He went home to Peoria, Ariz., and tried to decompress, but it wasn't easy. He'd do chores around the house or run an errand or play a round of golf, but his head and his heart remained with the team.
At 3 o'clock every afternoon, he knew that the Mariners would be on the field for voluntary early work, and if things had turned out differently he'd be standing behind the cage watching them.
At 4:30, he'd be talking with reporters. Then there was batting practice, pregame meetings, the game and the euphoria of victory or the disgust of defeat.
A guy doesn't purge this in a couple of days, not after he'd spent nearly every waking hour with it since early February.
"I was so attached to the team," McLaren said. "Emotionally, I was still into it."
All he could do was watch every game on TV. He did that intently and it wasn't healthy.
"I realized I had to take a step back," he said. "At first, I was watching all the games. Then I kind of got a grip on myself and said, 'I can't do this. I can't watch every night.' It was wearing on me and I had to separate myself. I wasn't with them anymore and, at some point, I knew I had to let it go."
Nearly two months later, McLaren has done that. To an extent.
He's still vitally interested in the Mariners. He still aches along with everyone else who thought this would be a contending team, not a last-place letdown.
But McLaren says he has moved on emotionally.
"I'll still watch them on occasion, but I don't watch the whole game," he said. "I'll surf and watch some other games, the Devil Rays, the Dodgers. I've done some chores and projects around the house and I've played some golf.
"I've taken a deep breath, so to speak."
McLaren also has stayed involved with the Mariners, just as he promised after they fired him. He spent three weeks at the Mariners' academy in Venezuela and a week at their academy in the Dominican Republic.
"When they made the move with me, I told the club that I still wanted to work for my money," McLaren said.
The time in Venezuela brought back memories because McLaren managed winter ball there early in his career.
He dined with many coaches he'd worked with over the years, including former Mariners coach Sam Mejias, and enjoyed working with teenage players at the lowest level of the minor league chain.
"I was really impressed with the way things were run down there," he said. "They have nice uniforms, they fed the kids well, there's good talent and they've really got some nice things going on. I realize (the big leagues) are down the road, but they've got skill and athleticism down there. They're working with these kids every day, teaching bunt plays, rundowns, cutoffs and relays. When they come to the United States, they'll have an idea what's going on."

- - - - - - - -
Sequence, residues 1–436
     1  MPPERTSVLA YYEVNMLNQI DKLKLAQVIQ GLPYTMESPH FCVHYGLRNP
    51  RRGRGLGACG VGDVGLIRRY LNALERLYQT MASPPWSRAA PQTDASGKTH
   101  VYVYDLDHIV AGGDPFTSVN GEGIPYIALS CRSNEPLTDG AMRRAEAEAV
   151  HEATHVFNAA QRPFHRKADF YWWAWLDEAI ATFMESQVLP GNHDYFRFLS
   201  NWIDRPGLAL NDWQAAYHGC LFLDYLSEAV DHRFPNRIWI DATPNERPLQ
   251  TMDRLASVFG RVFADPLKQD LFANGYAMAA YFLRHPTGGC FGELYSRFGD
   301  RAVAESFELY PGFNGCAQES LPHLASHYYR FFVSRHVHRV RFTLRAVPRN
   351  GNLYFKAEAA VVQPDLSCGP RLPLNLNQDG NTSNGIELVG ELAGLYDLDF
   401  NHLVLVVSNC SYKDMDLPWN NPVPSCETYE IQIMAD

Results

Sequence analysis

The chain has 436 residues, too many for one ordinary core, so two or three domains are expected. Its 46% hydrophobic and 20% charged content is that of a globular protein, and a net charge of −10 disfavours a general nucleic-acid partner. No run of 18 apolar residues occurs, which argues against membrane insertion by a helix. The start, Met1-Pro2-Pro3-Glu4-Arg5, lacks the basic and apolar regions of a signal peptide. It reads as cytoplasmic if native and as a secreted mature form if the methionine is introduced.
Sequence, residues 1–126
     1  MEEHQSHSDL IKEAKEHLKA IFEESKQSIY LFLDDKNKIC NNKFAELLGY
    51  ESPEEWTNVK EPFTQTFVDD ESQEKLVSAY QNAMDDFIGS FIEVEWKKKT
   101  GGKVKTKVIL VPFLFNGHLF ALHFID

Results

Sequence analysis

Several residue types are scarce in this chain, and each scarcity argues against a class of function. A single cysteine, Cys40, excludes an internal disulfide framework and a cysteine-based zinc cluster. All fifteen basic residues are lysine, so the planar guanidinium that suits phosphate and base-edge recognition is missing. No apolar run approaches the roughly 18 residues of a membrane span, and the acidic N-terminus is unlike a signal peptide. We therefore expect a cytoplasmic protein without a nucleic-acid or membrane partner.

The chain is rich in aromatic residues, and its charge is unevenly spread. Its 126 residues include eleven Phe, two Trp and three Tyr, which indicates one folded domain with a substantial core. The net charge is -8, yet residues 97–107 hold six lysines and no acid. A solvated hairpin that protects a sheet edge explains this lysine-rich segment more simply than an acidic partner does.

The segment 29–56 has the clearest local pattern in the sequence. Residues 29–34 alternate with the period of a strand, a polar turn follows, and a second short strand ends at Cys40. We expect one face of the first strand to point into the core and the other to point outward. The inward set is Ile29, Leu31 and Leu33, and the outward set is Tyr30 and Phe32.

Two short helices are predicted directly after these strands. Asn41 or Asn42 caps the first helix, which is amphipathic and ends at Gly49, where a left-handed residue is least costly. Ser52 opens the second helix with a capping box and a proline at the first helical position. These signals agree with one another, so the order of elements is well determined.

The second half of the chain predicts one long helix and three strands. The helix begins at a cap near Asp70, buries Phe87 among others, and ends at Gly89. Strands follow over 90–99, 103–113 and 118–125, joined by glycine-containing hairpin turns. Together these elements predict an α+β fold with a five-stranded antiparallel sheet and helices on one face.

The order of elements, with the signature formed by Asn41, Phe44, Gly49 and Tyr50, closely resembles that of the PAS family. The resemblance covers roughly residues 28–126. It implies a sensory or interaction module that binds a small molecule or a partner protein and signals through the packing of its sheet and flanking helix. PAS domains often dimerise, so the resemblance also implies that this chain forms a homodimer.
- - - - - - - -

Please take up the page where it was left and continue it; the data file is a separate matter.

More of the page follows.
McLaren plans to look for another job this fall, hopefully in the big leagues.
"I'll take a look at what's out there and see if there's the right situation in whatever position makes sense," he said.
Until then, he'll remain at peace with the dismal events of 2008.
"I've got no hard feelings," McLaren said. "I'm the one who said at spring training that we could win the division and I believed it. I was blind-sided by it. Everybody was, but it just didn't happen. I don't think you can point at one thing, but I'll certainly take my share of the responsibility.
"Maybe the 88 wins last year didn't make as much sense as we thought. We won 88 games and then we added (Erik) Bedard and (Carlos) Silva and thought that would put us on our way. But maybe we over-achieved. Because of the run differential, the 88 wins didn't make a lot of sense, but we still had 88 wins. We thought things would be better."
Instead, the Mariners became a team in the middle of significant change. McLaren is out, as are general manager Bill Bavasi, hitting coach Jeff Pentland, first baseman Richie Sexson and DH Jose Vidro.
"There are some good people who lost their jobs," McLaren said. "That's the sad part about this, but that's the way it is."
He can accept it now.
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